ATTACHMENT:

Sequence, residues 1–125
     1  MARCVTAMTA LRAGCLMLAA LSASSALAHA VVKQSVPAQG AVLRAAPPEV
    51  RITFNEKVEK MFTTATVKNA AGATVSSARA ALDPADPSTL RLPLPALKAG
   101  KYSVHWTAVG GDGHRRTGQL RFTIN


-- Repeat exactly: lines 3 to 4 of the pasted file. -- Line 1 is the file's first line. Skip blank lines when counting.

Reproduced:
    51  RITFNEKVEK MFTTATVKNA AGATVSSARA ALDPADPSTL RLPLPALKAG
   101  KYSVHWTAVG GDGHRRTGQL RFTIN